For Some Districts, School Resource Officers Are Hard To Come By

Feb 11, 2019

In the year since Jack Sawyer was arrested for allegedly plotting to shoot up Fair Haven Union High School, improving school security has been a statewide priority. 

Many believe school resource officers play an important role - patrolling the hallways and forming relationships with students.

But some school districts are having trouble finding them.

For example, the school resource officer who worked for years at Otter Valley Union High School retired last June. That officer had been a member of the Brandon Police Department.

"It is very difficult to find a school resource officer right now." - Jeanne Collins, Superintendent of the Rutland Northeast Supervisory Union

Jeanne Collins, superintendent of the Rutland Northeast Supervisory Union, said they haven’t been able to find a replacement.

“It is very difficult to find a school resource officer right now,” Collins said. “The Brandon police is working frantically and they’re just difficult to find.”

In Vermont, school resource officers are typically members of a local police or county sheriff’s department. School districts contract with those agencies to pay for police services on school grounds.

What those services look like exactly depends on what the school wants.

Mac Hardy, director of operations at the National Association of School Resource Officers, said that in addition to being cops, SROs are informal counselors and educators who build relationships with students and teach them about the law. 

But they come to work armed, and Hardy says they have to be ready to act. “I worked inside the school for 20 years," Handy said. "And every day when I woke up and put on my duty belt I thought, 'This could be the day when someone comes into my school and tries to do harm to the students that I care for and that I protect.'"

"Every day when I woke up and put on my duty belt I thought, this could be the day when someone comes into my school and tries to do harm to the students that I care for and that I protect." - Mac Harding, National Association of School Resource Officers

It’s a difficult job, which is why he said many communities nationwide  are having difficulty finding SROs.

Security experts in Vermont say there are approximately 400 public, private and independent schools. Only about 35 to 40 full-time school resource officers are working in them.

“In Rutland County right now I could use three more school resource officers, one for Otter Valley, one for West Rutland and one for Proctor," Rutland County Sheriff Stephen Benard said.

“To mitigate that a bit," explained Benard, "we’ve entered into an agreement with one district to cover Poultney High School three days a week, West Rutland one day a week, and Proctor school one day a week.”

Part of the problem is that many police departments in Vermont and nationwide say they are understaffed.

On the Vermont State Police Academy website, there are more than 50 job postings for officers across the state.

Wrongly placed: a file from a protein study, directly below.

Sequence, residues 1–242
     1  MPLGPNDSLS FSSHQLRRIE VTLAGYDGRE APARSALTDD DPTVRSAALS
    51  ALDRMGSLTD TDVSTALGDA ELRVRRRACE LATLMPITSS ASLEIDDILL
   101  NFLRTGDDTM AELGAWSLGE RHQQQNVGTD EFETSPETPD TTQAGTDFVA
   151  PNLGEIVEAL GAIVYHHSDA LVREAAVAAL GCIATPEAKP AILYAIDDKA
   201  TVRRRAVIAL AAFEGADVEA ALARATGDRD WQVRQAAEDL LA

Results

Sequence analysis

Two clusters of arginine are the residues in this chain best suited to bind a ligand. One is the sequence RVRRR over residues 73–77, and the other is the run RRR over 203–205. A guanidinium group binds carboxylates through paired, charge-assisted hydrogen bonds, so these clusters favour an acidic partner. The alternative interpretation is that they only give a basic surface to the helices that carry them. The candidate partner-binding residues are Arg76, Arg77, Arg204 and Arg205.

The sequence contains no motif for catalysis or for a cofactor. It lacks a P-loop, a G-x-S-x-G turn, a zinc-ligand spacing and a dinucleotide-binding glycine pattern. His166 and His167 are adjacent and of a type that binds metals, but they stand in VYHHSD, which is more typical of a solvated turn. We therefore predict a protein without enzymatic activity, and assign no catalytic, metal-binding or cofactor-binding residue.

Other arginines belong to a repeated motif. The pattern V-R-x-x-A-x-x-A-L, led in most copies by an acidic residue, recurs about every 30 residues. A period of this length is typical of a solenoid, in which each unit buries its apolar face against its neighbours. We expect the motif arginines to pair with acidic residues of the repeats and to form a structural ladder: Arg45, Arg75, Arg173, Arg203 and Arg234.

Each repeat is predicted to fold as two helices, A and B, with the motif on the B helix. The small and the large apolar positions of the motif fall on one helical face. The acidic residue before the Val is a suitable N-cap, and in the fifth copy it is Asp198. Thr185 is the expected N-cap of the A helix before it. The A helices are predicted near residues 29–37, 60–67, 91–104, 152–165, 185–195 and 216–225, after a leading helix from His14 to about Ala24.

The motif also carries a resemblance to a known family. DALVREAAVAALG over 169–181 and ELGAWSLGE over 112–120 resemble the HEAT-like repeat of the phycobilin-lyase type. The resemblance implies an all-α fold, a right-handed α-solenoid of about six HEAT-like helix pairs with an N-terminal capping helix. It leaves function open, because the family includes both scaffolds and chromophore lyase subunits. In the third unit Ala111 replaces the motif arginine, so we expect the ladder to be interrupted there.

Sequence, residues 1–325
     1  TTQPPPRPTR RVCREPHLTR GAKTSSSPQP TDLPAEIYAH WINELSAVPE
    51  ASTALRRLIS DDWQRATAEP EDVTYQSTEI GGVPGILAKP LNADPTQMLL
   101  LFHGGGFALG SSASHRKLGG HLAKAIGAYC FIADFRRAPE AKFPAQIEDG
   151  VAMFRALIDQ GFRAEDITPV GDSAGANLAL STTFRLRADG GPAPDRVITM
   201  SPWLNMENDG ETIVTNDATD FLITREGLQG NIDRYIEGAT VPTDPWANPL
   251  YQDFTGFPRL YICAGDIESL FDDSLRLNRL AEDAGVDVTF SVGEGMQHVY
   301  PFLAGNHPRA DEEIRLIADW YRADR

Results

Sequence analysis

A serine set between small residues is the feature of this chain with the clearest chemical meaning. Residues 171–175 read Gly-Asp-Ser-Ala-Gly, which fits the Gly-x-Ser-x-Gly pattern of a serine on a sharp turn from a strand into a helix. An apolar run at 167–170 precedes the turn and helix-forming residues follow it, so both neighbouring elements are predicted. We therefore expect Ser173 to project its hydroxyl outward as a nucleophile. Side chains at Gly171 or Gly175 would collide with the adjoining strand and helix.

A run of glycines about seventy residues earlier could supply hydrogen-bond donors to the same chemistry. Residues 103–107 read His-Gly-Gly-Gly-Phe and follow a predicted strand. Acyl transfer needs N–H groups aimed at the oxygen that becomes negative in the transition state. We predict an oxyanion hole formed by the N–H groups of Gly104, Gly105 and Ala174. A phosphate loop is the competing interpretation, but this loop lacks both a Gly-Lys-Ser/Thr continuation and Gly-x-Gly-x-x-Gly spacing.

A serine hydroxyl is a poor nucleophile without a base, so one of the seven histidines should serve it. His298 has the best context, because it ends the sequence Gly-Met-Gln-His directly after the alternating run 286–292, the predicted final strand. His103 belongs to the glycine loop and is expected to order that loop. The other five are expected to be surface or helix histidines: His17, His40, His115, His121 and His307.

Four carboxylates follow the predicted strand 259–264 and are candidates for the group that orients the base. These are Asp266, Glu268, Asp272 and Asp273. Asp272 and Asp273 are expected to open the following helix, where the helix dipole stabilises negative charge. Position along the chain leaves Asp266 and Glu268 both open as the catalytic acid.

Benard said that after taking after aptitude and required polygraph tests, only about 20 percent of candidates who apply to his department get hired.

He said there’s a kind of social unrest nationally that’s made careers in law enforcement less appealing to young people. “I know right now I could use two more school resource officers and two more patrol officers. The difficulty is finding people who are willing to take on this profession.”

Finding seasoned officers who want to work with kids inside schools is even harder he said.

"The difficulty is finding people who are willing to take on this profession." - Rutland County Sheriff Stephen Benard

Brandon Police Chief Christopher Brickell agreed.

“For me to put someone in the school, it has to be someone that has a decent level of experience, one, in law enforcement, number two, specifically with juvenile law, and three, someone that can work unsupervised," Brickell said.

Lamoille County Sheriff Roger Marcoux Jr. said rural law enforcement agencies like his often deal with high staff turnover. He said officers get certified and work for a few years in a small department like his, but then transfer to the state police or a larger agency for better pay or benefits. 

Funding is another hurdle. Many schools may want a school resource officer, but Marcoux said in his part of Vermont, few districts can afford them.

In response, the National Association of School Resource Officers provides training for school security officers – SSOs. These are not sworn police officers, but more like private security guards who might cost less or work more flexible hours.

Rob Evans, Vermont’s school safety liaison officer, said SSOs might include retired police officers aspiring police officers, or somebody from the community who takes an interest in the schools.

He likes the idea of SSOs as long as the training and vetting is carefully controlled.

“You know this is an educational environment, with all the sensitivities associated with that,” Evans said. "We need to make sure that they have the training, not only of what their duties and responsibilities are, but confidentiality and cultural competency. All those kinds of things that anybody who works in a school environment needs to be aware of.”